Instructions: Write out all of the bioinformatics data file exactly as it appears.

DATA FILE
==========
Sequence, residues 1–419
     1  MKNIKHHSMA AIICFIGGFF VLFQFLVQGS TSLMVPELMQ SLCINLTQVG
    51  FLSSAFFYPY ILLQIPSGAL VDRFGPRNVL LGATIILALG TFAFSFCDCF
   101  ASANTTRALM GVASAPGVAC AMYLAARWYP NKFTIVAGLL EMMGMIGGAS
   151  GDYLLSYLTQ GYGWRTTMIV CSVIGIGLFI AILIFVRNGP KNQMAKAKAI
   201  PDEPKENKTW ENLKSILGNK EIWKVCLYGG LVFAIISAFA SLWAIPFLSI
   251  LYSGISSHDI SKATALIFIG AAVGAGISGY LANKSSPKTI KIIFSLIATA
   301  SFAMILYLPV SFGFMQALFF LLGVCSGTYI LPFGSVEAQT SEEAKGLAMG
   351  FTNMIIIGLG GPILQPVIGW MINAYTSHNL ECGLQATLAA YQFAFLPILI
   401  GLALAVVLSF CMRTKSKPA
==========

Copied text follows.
Sequence, residues 1–419
     1  MKNIKHHSMA AIICFIGGFF VLFQFLVQGS TSLMVPELMQ SLCINLTQVG
    51  FLSSAFFYPY ILLQIPSGAL VDRFGPRNVL LGATIILALG TFAFSFCDCF
   101  ASANTTRALM GVASAPGVAC AMYLAARWYP NKFTIVAGLL EMMGMIGGAS
   151  GDYLLSYLTQ GYGWRTTMIV CSVIGIGLFI AILIFVRNGP KNQMAKAKAI
   201  PDEPKENKTW ENLKSILGNK EIWKVCLYGG LVFAIISAFA SLWAIPFLSI
   251  LYSGISSHDI SKATALIFIG AAVGAGISGY LANKSSPKTI KIIFSLIATA
   301  SFAMILYLPV SFGFMQALFF LLGVCSGTYI LPFGSVEAQT SEEAKGLAMG
   351  FTNMIIIGLG GPILQPVIGW MINAYTSHNL ECGLQATLAA YQFAFLPILI
   401  GLALAVVLSF CMRTKSKPA